the opportunity to negotiate commitments.
Treating team building as a program rather than process
Research clearly indicates that distributed practice, shorter sessions spreed across time, results in
more of a longterm retention of learning than does masses practice, that is, one long cram session.
Another sign that training is being treated as a program rather than a precess is when trainees can
remember the jokes the trainer told or the artificial exercises that were completed or the wall they
had to climb, but fail to remember the pint of the stories or activities.
Not getting the ground rules straight at the beginning
It is important to reinforce positive efforts to comply as well as “punish” behaviors that violate the
rules. Punishment is typically limited to verbal reminders and a request to either comply with or
decide to change the rule.
Designing effective team training session
If you are going to build effective teams, you cannot simply declare them to be teams without
providing the time and resources needed to nurture and develop their effectiveness. For new teams,
this begins with a careful system for selecting team members. For existing teams, this calls for
doing a systematic need assessment before designing the team training sessions.
Team success is essentially function of abilities, motivation, and opportunities. Team training
session are opportunities to develop abilities, knowledge and effectiveness.
Team members must be motivated to apply what they learn and satisfying teams is a process, not a
Clear sense of direction
Why goals are important to teams
Goals provide a source of motivation by themselves. They establish a way of determining whether
we have collectively succeeded. They focus on the future and they help provide meaning to our
Providing a sense of direction
Goals act as a management aligning the energy and actions of individuals.
Providing a source of motivation
Goals provide a target for people, and hitting a target provides them with satisfaction.
Channeling the competitive urge
Goals funnel the competitive stimulus toward behaviors conductive to the desires of the
organization and the needs of the individuals on the team. Goal statements attempt to channel the
competitive urge, but require a management style that directs individuals toward a sense of
commitment to work together.
Establishing mutual accountability
When a team is held accountable for accomplishing goals, individual team members might either
fear receiving the scorn of their team-mates for failing to carry an equitable share of the load or just
not want to let down the people they care about. Without a clear statement of goals, the team will
never really know if it is doing enough and whether it will be noticed by others. When team
members feel their efforts cant really be identified they exert little effort on behalf of the team.
Making sense of what the is doing
Goal statements are an attempt to rationalize just that. When things make sense, people are more
likely to provide persistent effort at working toward them.
Focusing on the future
Focusing on today provides activities that help us survive and get through the day, but it may not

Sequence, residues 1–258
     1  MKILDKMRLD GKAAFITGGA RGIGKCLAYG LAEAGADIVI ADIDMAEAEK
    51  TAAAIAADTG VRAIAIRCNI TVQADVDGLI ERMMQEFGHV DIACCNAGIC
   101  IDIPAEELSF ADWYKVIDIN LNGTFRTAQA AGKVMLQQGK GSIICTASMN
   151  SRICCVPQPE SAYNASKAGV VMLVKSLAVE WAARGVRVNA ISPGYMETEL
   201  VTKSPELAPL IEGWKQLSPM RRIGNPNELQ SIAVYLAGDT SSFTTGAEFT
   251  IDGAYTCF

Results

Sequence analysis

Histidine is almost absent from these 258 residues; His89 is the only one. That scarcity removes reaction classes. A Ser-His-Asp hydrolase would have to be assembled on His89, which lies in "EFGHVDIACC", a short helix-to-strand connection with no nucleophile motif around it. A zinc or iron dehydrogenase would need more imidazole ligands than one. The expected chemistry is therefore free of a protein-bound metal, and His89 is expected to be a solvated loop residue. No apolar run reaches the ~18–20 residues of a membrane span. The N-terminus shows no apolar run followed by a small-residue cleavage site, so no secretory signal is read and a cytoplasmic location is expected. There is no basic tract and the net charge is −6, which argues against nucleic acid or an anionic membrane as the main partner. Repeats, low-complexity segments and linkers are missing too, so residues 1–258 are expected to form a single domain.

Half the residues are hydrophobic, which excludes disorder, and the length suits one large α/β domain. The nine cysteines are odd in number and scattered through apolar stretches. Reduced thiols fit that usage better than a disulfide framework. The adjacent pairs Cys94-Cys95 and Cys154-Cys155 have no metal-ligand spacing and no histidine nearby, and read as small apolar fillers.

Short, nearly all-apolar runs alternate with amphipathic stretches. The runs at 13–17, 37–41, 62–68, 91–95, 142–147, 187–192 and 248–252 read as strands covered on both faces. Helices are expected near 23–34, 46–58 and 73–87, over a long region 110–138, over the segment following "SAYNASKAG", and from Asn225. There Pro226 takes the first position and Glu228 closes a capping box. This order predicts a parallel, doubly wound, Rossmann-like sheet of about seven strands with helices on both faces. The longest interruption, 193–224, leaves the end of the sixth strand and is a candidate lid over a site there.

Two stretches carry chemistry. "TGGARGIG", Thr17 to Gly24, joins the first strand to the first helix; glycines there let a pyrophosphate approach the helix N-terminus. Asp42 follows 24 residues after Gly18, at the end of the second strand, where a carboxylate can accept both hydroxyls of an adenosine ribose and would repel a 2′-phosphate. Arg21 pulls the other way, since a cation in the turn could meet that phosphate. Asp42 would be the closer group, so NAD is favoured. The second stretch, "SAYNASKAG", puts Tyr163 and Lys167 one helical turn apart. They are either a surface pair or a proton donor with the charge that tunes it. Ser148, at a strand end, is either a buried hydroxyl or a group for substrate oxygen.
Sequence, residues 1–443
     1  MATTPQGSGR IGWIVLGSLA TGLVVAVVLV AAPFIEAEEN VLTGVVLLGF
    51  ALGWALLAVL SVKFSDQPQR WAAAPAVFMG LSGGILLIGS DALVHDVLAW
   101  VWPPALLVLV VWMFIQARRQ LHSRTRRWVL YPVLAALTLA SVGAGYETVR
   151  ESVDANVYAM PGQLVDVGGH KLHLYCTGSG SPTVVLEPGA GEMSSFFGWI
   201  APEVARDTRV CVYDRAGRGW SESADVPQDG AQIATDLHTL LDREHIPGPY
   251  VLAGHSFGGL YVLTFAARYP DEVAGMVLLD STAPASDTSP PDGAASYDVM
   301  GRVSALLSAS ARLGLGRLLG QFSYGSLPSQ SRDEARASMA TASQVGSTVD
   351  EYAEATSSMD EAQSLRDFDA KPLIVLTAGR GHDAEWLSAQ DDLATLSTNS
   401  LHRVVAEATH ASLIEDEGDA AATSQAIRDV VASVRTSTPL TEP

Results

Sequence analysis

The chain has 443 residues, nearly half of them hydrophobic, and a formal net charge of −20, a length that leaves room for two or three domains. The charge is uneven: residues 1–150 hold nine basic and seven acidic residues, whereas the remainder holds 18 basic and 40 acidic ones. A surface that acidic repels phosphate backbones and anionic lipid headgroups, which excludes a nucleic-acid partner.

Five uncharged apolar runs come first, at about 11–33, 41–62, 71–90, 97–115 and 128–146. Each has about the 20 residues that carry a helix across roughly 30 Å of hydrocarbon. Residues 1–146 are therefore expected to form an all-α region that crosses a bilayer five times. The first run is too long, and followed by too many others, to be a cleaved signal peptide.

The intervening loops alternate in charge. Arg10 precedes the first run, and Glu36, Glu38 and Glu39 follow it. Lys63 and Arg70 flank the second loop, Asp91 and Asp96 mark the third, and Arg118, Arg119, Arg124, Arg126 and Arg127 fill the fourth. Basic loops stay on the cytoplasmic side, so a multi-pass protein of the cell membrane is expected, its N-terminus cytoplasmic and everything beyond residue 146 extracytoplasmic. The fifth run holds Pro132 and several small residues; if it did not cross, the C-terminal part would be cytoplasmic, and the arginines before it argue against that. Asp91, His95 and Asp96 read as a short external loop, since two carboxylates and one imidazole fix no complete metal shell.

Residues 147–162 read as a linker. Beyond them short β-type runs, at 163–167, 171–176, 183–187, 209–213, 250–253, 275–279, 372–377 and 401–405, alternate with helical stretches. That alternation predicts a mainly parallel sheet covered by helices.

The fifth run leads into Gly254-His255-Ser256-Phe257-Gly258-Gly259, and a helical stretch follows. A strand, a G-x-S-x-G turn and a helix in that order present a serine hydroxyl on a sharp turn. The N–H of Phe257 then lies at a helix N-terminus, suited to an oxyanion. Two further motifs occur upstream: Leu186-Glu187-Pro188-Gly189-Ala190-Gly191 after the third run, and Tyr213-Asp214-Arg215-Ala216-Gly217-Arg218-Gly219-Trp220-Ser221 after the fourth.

lead to the hope of achieving grander things. Focusing on the future can help us to let go of the past.
Goal statements that focus a team on the future can help with everything from mundane problems
such as interruptions cause by bickering about the past to inspirational opportunities to strive toward
achieving the great things head.
Why managers often resist setting clear goals
When goals are set and announced, the manager will be held accountable for them.
HOW TO SET TEAM GOALS
Establish the purpose of team first
The organization needs to know what the teams goals and strategies are first. Then, within the
context of what the organization is trying to accomplish, team members deserve to know what role
they will collectively play.
Provide teams with the MAPS they need
Measurable; the statement makes it easy to document whether the goal was actually accomplished
or not. The statements needs to specify how much must be accomplished up to what standard and
The ideal way to making something measurable is to quantify it.
Attainable; They will require team members to attend to their behaviors and deliver their skills,
resulting in the satisfaction of achievement. Goals clarify expected levels of performance and effort.
The group will discount, in their minds, what the “real” goal is. Setting a goal that is challenging
but attainable, one that is neither too low nor too high, requires knowledge of the capabilities of the
people and systems involved. Thus, time and learning from experience is needed.
The average team will set goals at a higher level than the average manager will. Collaborative goal
setting establishes ownership. Team members will be more dedicated to accomplishing goals that
they helped establish than they will be to goals that are imposed on them.
Performance-related; The goals must be seen by team members appropriate and must make sense
in light of the teams purpose.
It is imperative that the goals are clearly consistent with the reason this team exists and how it
supports the profitability and other goals of the larger organization.
Stated in very specific-terms;
The more specific the goals are, the more focused the team will
How to use goal setting as a team-building strategy
Participation in goal setting as an educational strategy
Instead of talking about providing training and opportunities to learn, the team will be doing it
through a participative goal-setting session.
Using goals as the basis for decision making
When determining production schedules, a systematic analysis should be made of how acting
resources from a given budget, it should be verified that money is being spent in rough proportion
to the priorities as they are outlined in the goal statement.
Using goals to identify opportunities to reinforce team-oriented behaviors
When an individual clearly sees that working for the teams goals results in personal needs being